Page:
Vaccine appointments canceled after Winnebago County shipment delayed until next week

Local News

ROCKFORD, Ill. (WTVO) — Those expecting a second dose of the Moderna COVID-19 vaccine this week will have to wait a little longer as the Winnebago County Health Department announced Tuesday that the shipment has been delayed.

According to the health department, “all three hospitals are awaiting further information on vaccine availability and will contact patients to reschedule their second dose when vaccines become available to them.”

COVID-19 Moderna vaccines that were scheduled to arrive this week for Mercyhealth, OSF HealthCare Saint Anthony Medical Center, and SwedishAmerican in Winnebago County have been delayed. There is a limited number of vaccines available for the entire state. Each county is limited in the amount they can get and the State is limited in the amount that it receives. The delay in shipments will affect the roughly 6,700 patients in Winnebago County who were originally scheduled for their second dose this week. As a result, all three hospitals are awaiting further information on vaccine availability and will contact patients to reschedule their second dose when vaccines become available to them.

Winnebago County Health Department

The delay will affect roughly 6,700 patients who were scheduled to receive their second dose this week.

Ron Winkler is one of the thousands of residents affected by this.

“I was supposed to get my shot tomorrow morning at 8 o’clock,” said Winkler. “They said they didn’t get their allotment for my shot tomorrow and they’d have to reschedule the appointment.”

His appointment did get rescheduled but now he has to wait two more weeks.

“Which would put it at 45 days and the lady said they could do that second shot up to 45 days after the first one,” he explained.

“We want to assure patients that receiving the second dose of the Moderna vaccine or the Pfizer vaccine up to the six-week mark of your first dose is perfectly ok,” said Dr. Stephen Bartlett, Vice President and Chief Medical Officer at OSF HealthCare Saint Anthony Medical Center. “It does not make the vaccine less effective and you do not need to repeat your initial dose.”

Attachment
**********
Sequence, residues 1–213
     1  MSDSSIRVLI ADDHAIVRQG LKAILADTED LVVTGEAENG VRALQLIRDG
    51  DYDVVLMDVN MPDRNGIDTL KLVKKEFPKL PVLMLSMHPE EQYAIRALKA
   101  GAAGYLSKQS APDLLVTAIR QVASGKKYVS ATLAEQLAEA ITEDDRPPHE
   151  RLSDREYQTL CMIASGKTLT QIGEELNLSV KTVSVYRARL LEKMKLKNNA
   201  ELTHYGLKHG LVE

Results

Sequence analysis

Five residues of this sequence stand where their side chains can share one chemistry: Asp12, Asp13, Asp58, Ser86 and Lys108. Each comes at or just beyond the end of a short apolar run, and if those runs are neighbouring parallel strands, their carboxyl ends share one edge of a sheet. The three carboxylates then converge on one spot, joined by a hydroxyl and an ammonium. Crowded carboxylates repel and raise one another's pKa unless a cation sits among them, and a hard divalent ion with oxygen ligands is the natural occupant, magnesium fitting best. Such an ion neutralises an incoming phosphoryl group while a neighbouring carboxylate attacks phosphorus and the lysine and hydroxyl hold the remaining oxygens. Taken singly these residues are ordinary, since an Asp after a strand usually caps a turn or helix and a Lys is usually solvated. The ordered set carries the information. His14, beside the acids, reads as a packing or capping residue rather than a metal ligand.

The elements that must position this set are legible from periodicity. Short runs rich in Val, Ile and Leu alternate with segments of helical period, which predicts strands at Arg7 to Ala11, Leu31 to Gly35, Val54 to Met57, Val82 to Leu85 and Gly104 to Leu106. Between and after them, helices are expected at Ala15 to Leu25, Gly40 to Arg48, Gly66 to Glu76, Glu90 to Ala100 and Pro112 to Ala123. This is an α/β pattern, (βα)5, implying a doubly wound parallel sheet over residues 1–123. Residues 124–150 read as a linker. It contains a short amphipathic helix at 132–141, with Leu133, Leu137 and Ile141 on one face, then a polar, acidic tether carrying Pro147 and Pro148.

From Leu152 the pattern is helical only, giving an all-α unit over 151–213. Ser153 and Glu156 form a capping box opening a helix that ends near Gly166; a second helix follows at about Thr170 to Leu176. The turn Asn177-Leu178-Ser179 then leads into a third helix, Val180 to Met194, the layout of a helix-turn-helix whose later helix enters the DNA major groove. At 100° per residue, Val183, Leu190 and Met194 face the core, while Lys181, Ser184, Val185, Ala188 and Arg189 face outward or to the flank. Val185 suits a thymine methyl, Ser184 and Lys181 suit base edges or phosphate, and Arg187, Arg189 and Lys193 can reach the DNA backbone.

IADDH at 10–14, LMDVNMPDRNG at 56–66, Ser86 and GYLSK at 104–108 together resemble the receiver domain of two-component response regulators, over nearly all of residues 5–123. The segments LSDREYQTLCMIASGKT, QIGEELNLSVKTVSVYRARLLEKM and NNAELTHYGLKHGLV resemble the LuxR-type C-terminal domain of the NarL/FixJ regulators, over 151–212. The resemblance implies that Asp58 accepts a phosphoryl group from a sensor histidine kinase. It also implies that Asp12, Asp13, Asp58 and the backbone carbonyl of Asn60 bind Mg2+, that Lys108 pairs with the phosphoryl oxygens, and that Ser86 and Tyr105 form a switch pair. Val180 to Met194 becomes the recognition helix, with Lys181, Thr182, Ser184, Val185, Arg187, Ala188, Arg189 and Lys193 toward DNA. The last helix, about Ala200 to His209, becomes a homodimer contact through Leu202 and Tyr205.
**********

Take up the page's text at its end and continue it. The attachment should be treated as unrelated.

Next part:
“Just getting the first dose that helps with COVID. I’ve already got the first dose and I’ve had it 28 days now, so for weeks and I’ll get the second dose in another two weeks and then I should be good to go,” Winkler added.

Officials sent out another update Tuesday evening, announcing next week’s arrival of 9,000 vaccines that will be used for the canceled appointments.

“I am excited to announce that Winnebago County is expected to receive a shipment of more than 9,000 Moderna vaccines by early next week, which will allow all three hospitals to fulfil the second doses that were originally scheduled for this week,” says Dr. Sandra Martell.

“My team and Dr. Martell’s team have been advocating at the highest level, including the Governor’s Office and IDPH, for our community’s equitable allotment of vaccine,” says Mayor Tom McNamara. “Supply, which comes from the state, continues to be limited and does not meet the demand. However, I am optimistic that more supply will be available in the coming weeks.”

IDPH also issued a statement on Tuesday:

IDPH has looked into second dose challenges hospital providers are grappling with in Winnebago County. It appears that providers did not fully align first dose allocations with second dose allocations. IDPH is working with the Winnebago County Health Department to ensure the second doses their partners need are ordered and arrive by Thursday, so patients can get their second shot. IDPH and the Winnebago County Health Department are also working to further educate community partners on the correct process to ensure the partners are allocating and using doses appropriately.

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